A public health disaster is brewing. Unsafe food is being produced faster than we can even consume it. Workers’ rights and safety are being neglected, and animals are being confined in hazardous, unsanitary conditions. Meanwhile, marketing and advertising encourage us to tuck into our burgers and nuggets in blissful ignorance. In Chickenizing Farms and Food, Ellen K. Silbergeld reminds us what we have been encouraged to forget: where our food actually comes from.

It’s not a topic that most of us want to hear about. “Why is it so difficult to talk about agriculture?” Silbergeld asks. “Largely it is because we don’t perceive the reality of agriculture and making food; our vision has been clouded by a carefully selected and fostered set of cultural memories.”

Silbergeld shatters this image, replacing it instead with the reality of food animal production: thousands of animals caged into suffocatingly small spaces, sleeping in their own faeces, with barely enough space to move, slowly going mad.

How did we get here? Silbergeld traces the roots of modern industrial chicken farming to Delmarva, Maryland in 1923, when a woman named Cecile Steele was mistakenly delivered 500 chickens instead of the 50 she had requested. This blunder forced her to rethink her poultry-raising programme, expanding from 500 chickens in 1923 to 10,000 in 1925. Her breed of broiler chicken is now used worldwide and has allowed for a vast expansion of the industry.

While America was happy to tuck into its increasing supply of cheap chickens, the industry thrived on a lack of regulations and no monitoring. As Silbergeld notes, there are only recommendations. And she translates recommendations for factory workers as “have a cup of coffee and pray”.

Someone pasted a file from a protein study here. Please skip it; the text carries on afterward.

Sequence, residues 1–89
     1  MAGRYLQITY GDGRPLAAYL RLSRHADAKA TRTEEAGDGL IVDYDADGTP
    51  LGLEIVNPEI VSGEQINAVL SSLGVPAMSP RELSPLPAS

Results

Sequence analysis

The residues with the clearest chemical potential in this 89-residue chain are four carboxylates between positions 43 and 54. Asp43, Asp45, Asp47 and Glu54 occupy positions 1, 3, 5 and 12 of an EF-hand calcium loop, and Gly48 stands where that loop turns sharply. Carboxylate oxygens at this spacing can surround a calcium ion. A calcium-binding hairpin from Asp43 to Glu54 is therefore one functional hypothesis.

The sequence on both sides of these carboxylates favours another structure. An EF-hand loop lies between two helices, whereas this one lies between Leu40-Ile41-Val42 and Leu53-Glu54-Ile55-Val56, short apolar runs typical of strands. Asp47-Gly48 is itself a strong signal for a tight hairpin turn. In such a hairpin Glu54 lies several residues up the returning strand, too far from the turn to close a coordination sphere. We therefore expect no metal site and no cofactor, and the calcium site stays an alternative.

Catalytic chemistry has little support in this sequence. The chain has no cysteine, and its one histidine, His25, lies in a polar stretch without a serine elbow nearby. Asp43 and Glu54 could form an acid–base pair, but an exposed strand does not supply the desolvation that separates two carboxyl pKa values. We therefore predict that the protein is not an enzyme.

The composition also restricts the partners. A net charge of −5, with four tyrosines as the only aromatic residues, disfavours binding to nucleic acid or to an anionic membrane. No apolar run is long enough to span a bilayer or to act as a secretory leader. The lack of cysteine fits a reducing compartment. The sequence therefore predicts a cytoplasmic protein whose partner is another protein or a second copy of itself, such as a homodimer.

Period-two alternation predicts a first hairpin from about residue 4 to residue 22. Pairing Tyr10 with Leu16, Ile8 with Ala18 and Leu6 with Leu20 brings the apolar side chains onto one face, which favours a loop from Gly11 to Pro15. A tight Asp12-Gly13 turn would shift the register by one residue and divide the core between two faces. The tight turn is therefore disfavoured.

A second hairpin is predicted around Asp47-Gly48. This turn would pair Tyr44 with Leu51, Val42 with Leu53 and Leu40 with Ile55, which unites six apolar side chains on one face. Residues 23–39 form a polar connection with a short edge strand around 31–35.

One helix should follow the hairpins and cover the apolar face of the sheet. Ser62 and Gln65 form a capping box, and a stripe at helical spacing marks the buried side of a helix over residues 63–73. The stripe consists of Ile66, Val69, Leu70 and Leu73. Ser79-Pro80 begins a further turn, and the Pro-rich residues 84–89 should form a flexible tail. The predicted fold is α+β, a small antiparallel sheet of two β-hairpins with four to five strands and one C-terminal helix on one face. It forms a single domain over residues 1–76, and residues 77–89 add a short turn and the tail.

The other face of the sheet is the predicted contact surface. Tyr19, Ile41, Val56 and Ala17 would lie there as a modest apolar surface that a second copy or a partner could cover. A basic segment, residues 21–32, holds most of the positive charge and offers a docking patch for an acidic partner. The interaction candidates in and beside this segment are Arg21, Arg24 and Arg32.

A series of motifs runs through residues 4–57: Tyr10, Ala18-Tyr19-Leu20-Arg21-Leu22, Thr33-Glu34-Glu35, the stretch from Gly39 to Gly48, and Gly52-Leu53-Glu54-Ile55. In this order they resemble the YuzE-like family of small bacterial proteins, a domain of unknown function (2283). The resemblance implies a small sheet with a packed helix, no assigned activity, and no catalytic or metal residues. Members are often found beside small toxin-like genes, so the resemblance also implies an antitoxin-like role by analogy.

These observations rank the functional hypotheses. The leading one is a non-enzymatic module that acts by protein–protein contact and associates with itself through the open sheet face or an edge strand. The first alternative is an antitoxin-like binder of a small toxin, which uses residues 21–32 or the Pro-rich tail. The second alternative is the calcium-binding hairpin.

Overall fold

What regulation does exist shields the public from appalling standards of sanitation, cruel treatment of animals, and a complete neglect for workers’ rights. While excrement from the animals floats around in unregulated cesspits and the animals are routinely given regular doses of antibiotics to keep them alive, the public are exposed to antibiotic-resistant variants of bacteria such as Salmonella and Campylobacter.

Despite these revelations, Silbergeld has not lost faith in industrial animal production. She rejects the view of agro-ecologists that we need to return to a less intensive form of agriculture, with two important questions: how can we feed the world? And how can we make food affordable? “Affordability”, she writes, “is the most problematic and the least directly acknowledged issue in much of the current writing about food and food systems, which is often directed – consciously or not – at a small segment of the population that can afford extraordinarily high prices for the products of older methods in an era of cheap food.”

In addressing this point, Silbergeld presents a powerful, resonant argument: sustainability is about human society as well as the natural world. So, she argues, we need to acknowledge that agriculture is a technological endeavour. Ultimately, “there is no road that returns us to what may never have been, but there are ways forward.”

While Silbergeld refers in much of the book to conditions in the US, there is a reason the book is titled ‘Chickenization’. These methods have been transported and replicated around the world, allowing countries such as Brazil and China to become world leaders in poultry production by confining up to 100,000 birds in one building. In the UK, the poultry industry is regulated by stricter standards of food safety, with a lengthier list of food additives and growth hormones that are not permitted in the industry, and a ban on practices such as dipping chicken carcasses in chlorine (which is legal in the US).

However, many of Silbergeld’s criticisms are still applicable in the UK, as antibiotics are routinely overused, there is still the issue of waste, and thousands of birds are confined in their own excrement, feathers and dead carcasses, leading to the spread of harmful bacteria and other pathogens. Therefore, whether your perspective is in support of industry or of agro-ecology, Silbergeld’s message is still a crucially important one: we need to make radical changes to our current food system.

Almaz Gaere is currently working with the organisation Farms Not Factories.